Living in Baltimore, I am privy to the access of such metropolitan cities like New York in just a two and a half hour train ride. With these place at my fingertips, I am eager to visit them more often whenever I get the chance, for travel serves as an antidote for students stuck in the rigmarole of the college grind.



Ink and Paper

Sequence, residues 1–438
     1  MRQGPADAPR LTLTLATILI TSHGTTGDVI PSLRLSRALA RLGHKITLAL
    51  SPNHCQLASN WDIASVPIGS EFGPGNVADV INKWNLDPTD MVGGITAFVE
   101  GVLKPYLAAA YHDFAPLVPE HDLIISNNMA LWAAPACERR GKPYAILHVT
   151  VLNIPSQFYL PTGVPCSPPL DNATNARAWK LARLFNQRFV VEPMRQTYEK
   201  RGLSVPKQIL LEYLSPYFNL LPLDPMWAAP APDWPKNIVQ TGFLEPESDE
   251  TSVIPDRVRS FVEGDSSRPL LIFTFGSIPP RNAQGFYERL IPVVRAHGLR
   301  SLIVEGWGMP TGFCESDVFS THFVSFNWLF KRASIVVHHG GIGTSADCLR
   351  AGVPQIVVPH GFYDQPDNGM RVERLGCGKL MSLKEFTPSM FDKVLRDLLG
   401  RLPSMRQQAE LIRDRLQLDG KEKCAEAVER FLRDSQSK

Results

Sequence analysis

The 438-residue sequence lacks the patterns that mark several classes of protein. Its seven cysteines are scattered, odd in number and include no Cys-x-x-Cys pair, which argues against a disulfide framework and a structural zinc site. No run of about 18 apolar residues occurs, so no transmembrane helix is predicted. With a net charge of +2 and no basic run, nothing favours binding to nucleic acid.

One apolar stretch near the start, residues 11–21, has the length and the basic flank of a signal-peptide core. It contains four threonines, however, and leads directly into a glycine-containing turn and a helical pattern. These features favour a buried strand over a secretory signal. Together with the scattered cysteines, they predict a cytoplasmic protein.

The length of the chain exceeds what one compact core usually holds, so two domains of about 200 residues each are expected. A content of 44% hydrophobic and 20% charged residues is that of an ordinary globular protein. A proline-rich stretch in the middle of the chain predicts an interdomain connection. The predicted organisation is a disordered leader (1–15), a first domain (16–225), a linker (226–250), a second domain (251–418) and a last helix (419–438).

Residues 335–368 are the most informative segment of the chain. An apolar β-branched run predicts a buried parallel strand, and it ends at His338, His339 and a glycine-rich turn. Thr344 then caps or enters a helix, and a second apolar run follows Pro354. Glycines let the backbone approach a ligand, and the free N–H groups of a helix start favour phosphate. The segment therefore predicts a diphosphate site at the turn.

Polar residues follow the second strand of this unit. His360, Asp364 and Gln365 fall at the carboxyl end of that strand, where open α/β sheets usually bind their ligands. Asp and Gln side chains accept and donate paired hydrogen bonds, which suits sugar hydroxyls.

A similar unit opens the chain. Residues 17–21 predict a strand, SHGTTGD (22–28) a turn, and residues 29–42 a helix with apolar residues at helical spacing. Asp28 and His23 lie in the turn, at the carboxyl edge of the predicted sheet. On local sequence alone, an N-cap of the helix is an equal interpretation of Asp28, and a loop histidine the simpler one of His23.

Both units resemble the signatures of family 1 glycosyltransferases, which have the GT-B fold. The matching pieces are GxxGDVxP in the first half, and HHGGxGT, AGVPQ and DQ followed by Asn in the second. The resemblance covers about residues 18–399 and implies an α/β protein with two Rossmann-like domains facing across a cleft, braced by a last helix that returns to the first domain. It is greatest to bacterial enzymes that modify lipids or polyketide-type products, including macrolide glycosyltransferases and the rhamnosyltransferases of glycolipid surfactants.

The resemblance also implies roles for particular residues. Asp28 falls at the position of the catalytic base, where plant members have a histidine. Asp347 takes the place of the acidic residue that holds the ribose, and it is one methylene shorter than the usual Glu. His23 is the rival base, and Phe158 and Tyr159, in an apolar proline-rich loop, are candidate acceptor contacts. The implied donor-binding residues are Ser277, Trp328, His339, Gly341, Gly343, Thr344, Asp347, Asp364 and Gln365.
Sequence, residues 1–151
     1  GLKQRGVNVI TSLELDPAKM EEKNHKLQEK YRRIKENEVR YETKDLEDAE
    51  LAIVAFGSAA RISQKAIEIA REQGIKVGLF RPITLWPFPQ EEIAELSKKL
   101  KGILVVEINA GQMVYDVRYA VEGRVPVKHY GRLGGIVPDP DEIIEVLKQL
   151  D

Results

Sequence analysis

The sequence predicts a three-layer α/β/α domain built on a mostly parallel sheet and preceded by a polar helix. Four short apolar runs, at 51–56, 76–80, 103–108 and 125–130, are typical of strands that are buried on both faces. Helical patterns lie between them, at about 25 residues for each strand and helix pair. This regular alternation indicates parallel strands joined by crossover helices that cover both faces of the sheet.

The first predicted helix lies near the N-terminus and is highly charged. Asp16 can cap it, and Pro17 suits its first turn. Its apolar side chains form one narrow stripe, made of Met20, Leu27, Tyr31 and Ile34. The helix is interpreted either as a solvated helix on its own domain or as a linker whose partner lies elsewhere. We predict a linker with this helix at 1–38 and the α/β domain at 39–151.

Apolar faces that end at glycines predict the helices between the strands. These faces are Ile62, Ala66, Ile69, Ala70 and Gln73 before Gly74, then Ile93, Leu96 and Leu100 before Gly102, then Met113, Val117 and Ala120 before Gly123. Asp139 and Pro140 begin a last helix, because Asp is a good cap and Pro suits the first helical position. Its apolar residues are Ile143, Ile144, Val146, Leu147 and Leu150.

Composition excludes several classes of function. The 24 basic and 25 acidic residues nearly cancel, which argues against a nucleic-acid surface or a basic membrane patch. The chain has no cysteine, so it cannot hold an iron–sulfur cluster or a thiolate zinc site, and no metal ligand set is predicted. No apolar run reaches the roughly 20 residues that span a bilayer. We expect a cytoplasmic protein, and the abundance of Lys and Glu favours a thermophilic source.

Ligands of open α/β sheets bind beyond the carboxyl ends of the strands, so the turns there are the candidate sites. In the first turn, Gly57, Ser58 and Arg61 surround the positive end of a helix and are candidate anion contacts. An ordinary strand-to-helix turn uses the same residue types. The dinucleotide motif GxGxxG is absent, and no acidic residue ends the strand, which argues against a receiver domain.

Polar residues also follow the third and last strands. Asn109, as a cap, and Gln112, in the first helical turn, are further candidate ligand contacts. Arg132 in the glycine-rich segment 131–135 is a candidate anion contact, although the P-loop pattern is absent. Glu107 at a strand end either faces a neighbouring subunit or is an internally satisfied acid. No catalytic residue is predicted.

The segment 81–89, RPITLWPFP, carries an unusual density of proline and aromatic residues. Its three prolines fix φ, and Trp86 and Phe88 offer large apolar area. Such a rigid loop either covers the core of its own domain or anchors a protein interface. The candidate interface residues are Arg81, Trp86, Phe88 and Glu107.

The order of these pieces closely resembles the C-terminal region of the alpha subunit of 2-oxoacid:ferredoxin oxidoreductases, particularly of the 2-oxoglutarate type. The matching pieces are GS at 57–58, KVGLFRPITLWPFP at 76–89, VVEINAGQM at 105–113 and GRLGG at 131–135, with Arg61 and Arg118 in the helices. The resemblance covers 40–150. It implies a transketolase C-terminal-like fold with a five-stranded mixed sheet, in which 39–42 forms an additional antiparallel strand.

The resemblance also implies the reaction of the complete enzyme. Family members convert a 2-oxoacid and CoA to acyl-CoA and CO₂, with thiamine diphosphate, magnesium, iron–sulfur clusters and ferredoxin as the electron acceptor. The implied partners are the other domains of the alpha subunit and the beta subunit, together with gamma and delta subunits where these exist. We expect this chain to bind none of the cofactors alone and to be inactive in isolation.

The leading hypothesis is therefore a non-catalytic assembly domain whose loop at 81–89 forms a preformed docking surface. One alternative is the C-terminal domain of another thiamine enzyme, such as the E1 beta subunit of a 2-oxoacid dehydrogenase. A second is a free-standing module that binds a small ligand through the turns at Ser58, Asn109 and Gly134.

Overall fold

Growing up in a family of artists, I was considered the anomaly of the bunch. My father, an architect; my mother, an interior designer; my aunt, a fashion designer; my grandfather, a movie director; my brother, architecture graduate. And then, there was me, a lowly girl wanting to study brains. Whether my choice to pursue anything but art was a byproduct of wishing to be “different” from the rest or the consequence of my disillusionment of the artist life, my drive towards a non-artsy pursuit was something I took pride in. Though my coursework and extracurriculars in brain sciences were intriguing and continually inspiring(to say the least), given the background I grew up in, the inclination to crave for art was acutely present. At multiple points, I felt that there was a lack of creative outlet amidst the stultifying toil of college life and a sense of deprivation of the artistic spirit that used to inundate my daily life.